The Congress,BJP and AAP have carved out clear constituencies for themselves. Some of them may overlap with one another, but they seem to have positioned themselves well, says A K Bhattacharya.
In the space of the last week, three political developments have taken place in the heart of the country's capital city. There is little doubt that all the developments are momentous because, taken together, they are a pointer to the kind of politics that the next government to be formed in New Delhi has to contend with.
First, it was Congress vice-president Rahul Gandhi’s fiery address outlining what he thought would be the policy focus of the Congress in the forthcoming general election. After that came the Bharatiya Janata Party's prime ministerial candidate Narendra Modi’s emphasis on the big projects that he wishes to see come up in the country under his party's reign after the elections. And then there was the two-day-long agitation mounted by Delhi Chief Minister Arvind Kejriwal of the Aam Aadmi Party.
The three political leaders have set the agenda in quite their own distinctive ways and it would be useful to reflect on what their different approaches imply for the country's development agenda and how their different brands of politics will pose new challenges.
Let us start with Rahul Gandhi. Here was a man who claimed loudly that the United Progressive Alliance government had achieved a lot in the last 10 years. For the first time since he assumed charge of the Congress party as its vice-president, Gandhi showed some ownership of the several rights-based schemes that the UPA government introduced in the last 10 years. He talked about the various laws that were framed to give the people the right to information, jobs and education.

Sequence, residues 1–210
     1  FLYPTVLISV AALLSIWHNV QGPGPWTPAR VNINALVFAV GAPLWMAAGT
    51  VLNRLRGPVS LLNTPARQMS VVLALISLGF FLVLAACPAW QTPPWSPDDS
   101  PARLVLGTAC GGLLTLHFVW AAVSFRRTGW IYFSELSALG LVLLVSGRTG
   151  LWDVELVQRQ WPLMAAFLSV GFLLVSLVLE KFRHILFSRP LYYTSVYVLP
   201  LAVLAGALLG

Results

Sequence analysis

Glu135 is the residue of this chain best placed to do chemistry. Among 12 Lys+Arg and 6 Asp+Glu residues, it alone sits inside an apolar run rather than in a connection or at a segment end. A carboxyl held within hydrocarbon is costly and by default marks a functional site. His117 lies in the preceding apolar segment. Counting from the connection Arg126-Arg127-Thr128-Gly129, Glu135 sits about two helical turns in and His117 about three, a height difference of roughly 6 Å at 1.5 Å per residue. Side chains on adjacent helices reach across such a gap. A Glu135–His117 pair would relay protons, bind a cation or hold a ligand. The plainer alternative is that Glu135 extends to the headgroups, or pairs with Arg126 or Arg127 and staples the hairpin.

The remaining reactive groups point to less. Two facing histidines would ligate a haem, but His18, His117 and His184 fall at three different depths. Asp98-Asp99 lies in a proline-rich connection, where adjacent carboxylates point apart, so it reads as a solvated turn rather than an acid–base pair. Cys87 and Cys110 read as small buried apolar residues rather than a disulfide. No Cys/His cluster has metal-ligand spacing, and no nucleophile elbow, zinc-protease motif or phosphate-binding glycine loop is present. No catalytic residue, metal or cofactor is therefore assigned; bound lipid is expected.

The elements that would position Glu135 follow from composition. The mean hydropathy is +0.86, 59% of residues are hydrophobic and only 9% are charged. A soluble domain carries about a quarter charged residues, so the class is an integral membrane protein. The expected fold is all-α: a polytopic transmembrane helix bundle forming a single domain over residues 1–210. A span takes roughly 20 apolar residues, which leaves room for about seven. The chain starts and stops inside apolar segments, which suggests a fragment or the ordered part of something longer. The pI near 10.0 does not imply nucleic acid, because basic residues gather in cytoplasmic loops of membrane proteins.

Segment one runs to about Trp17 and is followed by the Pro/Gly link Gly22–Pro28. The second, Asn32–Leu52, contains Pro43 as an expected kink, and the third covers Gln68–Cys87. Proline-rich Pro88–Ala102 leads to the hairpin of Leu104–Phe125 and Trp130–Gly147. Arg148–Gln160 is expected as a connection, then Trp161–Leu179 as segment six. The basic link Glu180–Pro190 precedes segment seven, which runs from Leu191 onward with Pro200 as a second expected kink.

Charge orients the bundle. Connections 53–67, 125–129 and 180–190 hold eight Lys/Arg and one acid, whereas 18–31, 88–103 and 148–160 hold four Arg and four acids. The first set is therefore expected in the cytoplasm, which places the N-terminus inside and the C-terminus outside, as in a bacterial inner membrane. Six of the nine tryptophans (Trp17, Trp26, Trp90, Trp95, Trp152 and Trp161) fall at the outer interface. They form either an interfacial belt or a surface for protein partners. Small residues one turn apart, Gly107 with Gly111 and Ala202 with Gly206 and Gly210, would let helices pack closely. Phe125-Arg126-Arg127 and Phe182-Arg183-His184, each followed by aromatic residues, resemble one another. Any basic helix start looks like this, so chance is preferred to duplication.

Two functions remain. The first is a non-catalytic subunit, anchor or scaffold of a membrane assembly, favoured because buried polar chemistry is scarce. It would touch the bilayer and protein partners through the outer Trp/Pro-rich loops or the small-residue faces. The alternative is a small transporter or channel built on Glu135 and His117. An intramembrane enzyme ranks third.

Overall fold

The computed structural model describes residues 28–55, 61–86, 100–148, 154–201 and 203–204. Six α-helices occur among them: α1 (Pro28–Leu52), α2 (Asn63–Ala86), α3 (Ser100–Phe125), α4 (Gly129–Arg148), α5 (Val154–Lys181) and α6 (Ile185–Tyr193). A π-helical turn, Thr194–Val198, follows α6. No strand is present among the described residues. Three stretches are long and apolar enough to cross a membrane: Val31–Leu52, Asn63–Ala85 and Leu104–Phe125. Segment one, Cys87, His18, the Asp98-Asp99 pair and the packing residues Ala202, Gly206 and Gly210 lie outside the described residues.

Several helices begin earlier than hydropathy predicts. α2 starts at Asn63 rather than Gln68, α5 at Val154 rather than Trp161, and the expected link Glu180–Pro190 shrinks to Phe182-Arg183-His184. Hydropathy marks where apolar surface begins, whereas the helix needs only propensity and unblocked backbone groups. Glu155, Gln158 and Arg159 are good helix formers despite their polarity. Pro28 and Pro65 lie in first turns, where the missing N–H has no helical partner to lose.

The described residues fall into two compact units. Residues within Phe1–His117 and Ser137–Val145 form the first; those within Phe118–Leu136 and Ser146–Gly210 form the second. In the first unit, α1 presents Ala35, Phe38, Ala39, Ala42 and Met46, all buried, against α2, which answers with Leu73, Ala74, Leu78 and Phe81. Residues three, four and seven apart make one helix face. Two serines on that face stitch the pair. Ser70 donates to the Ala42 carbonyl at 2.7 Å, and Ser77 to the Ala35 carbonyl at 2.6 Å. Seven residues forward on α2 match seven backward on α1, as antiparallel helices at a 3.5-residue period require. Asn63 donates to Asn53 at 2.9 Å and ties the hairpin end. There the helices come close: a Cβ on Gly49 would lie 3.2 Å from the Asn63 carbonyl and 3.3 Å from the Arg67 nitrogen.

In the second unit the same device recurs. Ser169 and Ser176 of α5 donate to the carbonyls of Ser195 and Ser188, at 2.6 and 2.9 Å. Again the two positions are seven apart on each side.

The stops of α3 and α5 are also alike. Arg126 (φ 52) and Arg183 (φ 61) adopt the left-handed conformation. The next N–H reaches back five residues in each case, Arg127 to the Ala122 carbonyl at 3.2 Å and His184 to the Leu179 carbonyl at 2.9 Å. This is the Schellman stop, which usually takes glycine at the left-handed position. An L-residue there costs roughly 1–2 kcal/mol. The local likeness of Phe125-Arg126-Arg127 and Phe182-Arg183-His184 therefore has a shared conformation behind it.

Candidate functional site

He recalled how farmers who lost their land to industry were compensated and the tribal people were given right to their forest lands. He talked about the unique identity scheme or the Aadhaar card that would help transfer government subsidies to the poor directly to their bank accounts without any leakage or misallocation. Gandhi also trumpeted the UPA's anti-corruption legislation to set up the Lok Pal, although he ignored the fact that the law would not have been framed without the kind of agitation the government faced in the last few years.
All of a sudden, it appeared Rahul Gandhi was able to convince his party men about the many programmes the UPA government had launched -- and how those could actually help the Congress go back to the people to renew their mandate for the party. What's more, he outlined a new agenda for action if the Congress were voted to power. He promised specific schemes to provide the people three basic amenities -- health, housing and education. Note that Gandhi did not talk about the usual poll promises of electricity, water and roads. The focus was more on facilities that benefit the poor people more than the economically privileged classes.